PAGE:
Pope Francis at Yad Vashem
Special Media Briefing on Thursday, May 22, 2014
19 May 2014
On Thursday, May 22, 2014 at 14:00 a special briefing with Yad Vashem Chairman Avner Shalev will be held in advance of Pope Francis’ visit to Yad Vashem. At the briefing, the painting that will be presented to the Pope at the conclusion of his visit to Yad Vashem will also be revealed. Pope Francis will visit Yad Vashem on May 26, 2014.
Like the visits of his predecessors Benedict XVI and John Paul II, the Pope’s visit to Yad Vashem will take place in the Hall of Remembrance, where he will participate in a memorial ceremony, deliver an address, and greet six Holocaust survivors. He will be accompanied by President Shimon Peres, Prime Minister Benjamin Netanyahu, Chairman of the Yad Vashem Directorate Avner Shalev and Chairman of the Yad Vashem Council Rabbi Israel Meir Lau. During the memorial ceremony, the Pope will be invited to rekindle the eternal flame and lay a wreath in memory of the victims of the Shoah. At the conclusion of the visit, he will be presented with a replica of a Holocaust-era drawing. Coverage of the Pope’s visit on May 26, will be by pre-arranged POOL for stills, live TV feed, and limited space for print journalists. Yad Vashem will be closed until 12 noon due to security arrangements.
Media interested in attending the briefing on Thursday, May 22, should arrive at Yad Vashem by 13:45 and RSVP to 02 644 3410.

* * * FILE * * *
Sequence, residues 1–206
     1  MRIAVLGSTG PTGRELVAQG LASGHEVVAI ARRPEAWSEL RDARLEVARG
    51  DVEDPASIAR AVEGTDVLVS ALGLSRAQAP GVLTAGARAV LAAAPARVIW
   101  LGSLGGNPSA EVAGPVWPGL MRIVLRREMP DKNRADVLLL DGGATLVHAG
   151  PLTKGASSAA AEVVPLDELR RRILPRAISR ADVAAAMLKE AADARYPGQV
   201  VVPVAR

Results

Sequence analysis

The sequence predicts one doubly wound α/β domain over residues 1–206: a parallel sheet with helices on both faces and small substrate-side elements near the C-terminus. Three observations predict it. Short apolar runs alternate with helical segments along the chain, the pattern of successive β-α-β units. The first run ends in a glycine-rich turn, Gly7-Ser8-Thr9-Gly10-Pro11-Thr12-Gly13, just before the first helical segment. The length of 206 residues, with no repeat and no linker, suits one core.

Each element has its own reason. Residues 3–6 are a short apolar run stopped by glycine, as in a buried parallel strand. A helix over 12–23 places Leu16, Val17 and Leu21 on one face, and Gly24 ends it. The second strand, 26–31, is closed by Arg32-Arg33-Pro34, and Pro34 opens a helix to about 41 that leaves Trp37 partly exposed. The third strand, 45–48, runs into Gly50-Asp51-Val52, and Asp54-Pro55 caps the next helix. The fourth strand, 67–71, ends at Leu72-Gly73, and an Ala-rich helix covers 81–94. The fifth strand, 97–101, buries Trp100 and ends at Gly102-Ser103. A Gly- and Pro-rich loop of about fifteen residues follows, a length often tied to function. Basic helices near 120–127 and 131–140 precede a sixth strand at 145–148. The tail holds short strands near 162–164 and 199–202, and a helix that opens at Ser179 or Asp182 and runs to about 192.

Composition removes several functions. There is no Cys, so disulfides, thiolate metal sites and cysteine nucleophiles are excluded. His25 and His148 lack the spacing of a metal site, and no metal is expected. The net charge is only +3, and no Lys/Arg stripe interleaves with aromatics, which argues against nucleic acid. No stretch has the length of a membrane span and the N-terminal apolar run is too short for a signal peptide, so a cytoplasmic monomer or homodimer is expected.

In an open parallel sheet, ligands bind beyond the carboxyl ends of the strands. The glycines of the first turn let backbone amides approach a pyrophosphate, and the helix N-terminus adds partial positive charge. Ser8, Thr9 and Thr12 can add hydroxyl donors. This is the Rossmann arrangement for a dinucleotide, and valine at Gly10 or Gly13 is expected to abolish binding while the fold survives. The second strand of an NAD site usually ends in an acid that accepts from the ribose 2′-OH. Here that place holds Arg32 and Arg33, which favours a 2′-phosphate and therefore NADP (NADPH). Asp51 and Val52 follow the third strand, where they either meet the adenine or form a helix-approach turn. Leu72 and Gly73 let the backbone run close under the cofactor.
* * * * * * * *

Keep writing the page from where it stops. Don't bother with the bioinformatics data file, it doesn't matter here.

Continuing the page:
Yad Vashem was established in 1953. Located in Jerusalem, it is dedicated to Holocaust remembrance, documentation, research and education. The Hall of Remembrance is an imposing structure, with walls made of basalt boulders brought from the area surrounding the Sea of Galilee, and an angular roof that gives it a tent-like shape. Engraved on the mosaic floor are the names of 22 of the most infamous Nazi camps and murder sites, symbolic of the hundreds of extermination and concentration camps, transit camps and killing sites that existed throughout Europe. The Eternal Flame, burning from a base fashioned like a broken bronze goblet, continuously illuminates the Hall, its smoke exiting the building through an opening at the highest point of the ceiling. Before it stands a stone crypt containing the ashes of Holocaust victims, brought to Israel from the extermination camps. A focal point of commemoration to this day, the Hall of Remembrance serves as Yad Vashem’s premier site for memorial ceremonies.